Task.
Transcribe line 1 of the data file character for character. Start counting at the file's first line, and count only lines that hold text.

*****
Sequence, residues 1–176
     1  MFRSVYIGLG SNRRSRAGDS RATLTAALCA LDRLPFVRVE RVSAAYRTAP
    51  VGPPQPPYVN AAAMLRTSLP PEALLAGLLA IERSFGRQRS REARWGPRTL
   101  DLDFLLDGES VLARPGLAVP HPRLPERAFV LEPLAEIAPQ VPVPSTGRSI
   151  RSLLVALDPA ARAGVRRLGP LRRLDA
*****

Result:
Sequence, residues 1–176